Brazil has been saved
Cover image by: Tushar Barman
Brazil had a rough ride in 2020 with the pandemic deeply impacting public health and economic activity. Yet the economy also saw some light at the end of the tunnel as growth continued its rebound into the fourth quarter of last year.1 Forward-looking economic indicators, however, suggest only a modest expansion in the first quarter of 2021. This is most likely due to a steady rise in COVID-19 infection rates2 since November of last year, which in turn has impacted consumer and business confidence. Fiscal support, which came to the economy’s aid in 2020, is unlikely to play a major role this year as the government turns to healing its finances. So, will monetary policy play a greater role in aiding growth? That is unlikely as the central banks shifts focus to inflationary pressures in the economy, including rising production costs and currency weakness. On March 17, the central bank raised rates by 75 basis points and hinted at further tightening if inflation expectations do not remain anchored.3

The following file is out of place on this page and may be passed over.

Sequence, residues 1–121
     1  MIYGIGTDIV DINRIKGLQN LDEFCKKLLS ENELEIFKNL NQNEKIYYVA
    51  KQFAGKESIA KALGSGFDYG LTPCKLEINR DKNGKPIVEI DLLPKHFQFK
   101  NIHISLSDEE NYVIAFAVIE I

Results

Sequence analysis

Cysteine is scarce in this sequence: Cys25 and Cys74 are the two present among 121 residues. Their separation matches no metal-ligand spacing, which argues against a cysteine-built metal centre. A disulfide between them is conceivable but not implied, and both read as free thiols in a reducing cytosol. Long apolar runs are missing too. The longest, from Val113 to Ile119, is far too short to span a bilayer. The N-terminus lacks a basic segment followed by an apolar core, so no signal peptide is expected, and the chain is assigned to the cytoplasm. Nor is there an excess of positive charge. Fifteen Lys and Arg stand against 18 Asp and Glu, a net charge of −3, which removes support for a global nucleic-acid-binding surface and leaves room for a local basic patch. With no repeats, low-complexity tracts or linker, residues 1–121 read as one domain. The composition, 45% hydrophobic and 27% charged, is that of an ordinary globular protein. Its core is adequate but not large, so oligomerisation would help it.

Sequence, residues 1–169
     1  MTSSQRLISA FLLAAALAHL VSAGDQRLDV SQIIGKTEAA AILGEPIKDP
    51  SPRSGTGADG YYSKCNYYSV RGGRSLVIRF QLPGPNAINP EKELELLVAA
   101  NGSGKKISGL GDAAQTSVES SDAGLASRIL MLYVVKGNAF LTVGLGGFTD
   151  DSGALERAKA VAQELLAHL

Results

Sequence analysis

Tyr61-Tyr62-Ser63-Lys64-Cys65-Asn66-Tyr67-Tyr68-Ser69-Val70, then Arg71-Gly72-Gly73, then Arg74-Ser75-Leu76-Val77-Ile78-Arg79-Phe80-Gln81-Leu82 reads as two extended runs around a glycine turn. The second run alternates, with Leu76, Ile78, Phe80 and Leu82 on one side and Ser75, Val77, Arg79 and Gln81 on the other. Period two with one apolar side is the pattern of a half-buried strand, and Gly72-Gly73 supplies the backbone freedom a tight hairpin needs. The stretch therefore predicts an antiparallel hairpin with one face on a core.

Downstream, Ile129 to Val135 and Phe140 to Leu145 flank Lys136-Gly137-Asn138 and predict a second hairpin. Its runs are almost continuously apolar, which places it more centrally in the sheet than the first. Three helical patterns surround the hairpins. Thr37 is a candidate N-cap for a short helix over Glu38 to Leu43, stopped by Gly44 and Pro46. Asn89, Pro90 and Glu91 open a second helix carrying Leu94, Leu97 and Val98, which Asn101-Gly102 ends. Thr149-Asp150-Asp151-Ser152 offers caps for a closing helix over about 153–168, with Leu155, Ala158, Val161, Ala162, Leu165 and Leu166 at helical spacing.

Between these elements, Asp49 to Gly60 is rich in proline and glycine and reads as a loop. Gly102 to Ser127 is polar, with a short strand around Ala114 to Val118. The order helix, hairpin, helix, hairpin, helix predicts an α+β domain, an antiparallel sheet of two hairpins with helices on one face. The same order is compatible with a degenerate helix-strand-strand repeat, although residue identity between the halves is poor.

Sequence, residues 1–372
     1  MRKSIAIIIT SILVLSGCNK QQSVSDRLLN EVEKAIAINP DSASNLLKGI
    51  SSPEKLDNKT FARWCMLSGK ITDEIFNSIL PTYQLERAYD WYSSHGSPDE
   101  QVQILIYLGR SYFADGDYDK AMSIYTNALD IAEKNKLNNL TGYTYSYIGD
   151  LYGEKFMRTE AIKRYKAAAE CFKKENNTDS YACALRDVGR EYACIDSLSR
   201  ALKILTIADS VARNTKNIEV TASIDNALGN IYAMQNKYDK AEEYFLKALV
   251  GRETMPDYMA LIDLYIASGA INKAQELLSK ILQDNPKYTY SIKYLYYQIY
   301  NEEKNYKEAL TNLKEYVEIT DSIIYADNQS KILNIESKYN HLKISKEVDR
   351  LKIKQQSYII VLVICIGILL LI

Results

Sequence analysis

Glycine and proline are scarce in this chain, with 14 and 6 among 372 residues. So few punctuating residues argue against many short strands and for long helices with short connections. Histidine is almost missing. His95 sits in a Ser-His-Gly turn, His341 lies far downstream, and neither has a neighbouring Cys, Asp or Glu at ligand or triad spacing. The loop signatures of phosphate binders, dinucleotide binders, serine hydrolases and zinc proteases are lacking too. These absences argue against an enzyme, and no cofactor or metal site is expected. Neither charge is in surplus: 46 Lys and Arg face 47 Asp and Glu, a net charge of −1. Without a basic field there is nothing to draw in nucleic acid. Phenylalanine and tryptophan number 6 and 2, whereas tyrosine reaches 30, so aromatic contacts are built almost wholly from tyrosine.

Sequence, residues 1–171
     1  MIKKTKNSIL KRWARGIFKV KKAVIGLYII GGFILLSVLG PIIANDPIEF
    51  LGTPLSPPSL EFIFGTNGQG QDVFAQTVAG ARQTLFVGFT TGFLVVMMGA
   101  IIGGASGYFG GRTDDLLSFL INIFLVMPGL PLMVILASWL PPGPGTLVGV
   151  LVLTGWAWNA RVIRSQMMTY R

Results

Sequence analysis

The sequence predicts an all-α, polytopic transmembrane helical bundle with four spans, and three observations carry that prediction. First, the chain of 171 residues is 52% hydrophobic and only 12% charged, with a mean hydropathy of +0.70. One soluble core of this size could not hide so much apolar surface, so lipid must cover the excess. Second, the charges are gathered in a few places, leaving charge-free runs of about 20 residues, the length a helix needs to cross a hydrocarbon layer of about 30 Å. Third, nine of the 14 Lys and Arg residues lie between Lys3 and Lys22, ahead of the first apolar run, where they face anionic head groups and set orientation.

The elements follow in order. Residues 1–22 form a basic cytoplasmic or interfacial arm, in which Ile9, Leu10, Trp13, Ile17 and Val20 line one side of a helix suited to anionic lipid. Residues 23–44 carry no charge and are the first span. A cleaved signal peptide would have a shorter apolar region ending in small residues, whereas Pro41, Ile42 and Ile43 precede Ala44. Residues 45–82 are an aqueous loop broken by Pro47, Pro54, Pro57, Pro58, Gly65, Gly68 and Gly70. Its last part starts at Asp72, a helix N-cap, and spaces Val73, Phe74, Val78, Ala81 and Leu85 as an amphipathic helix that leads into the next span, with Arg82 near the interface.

The economy continued its rebound in the final quarter of last year although growth slowed from the sharp expansion in the previous quarter. Real GDP grew by 3.2% quarter-over-quarter in Q4 2020 with expansion in domestic demand offsetting a decline in exports. Investment was a standout for the economy during the quarter with gross fixed capital formation rising by 20%, the fastest pace of quarterly expansion since the series started. This augurs well for potential economic growth. Private consumption continued to support the economy in Q4, although its contribution slowed from Q3 (figure 1). And government spending too eased as the focus started shifting toward healing fiscal health following strong stimulus measures after the start of the pandemic last year. Figure 1 also shows faltering support to the economy from the external sector with exports contracting for the second straight quarter in Q4. Overall, the economy contracted by 4.4% over the whole of 2020, a setback to the modest recovery that had started to take shape in 2017.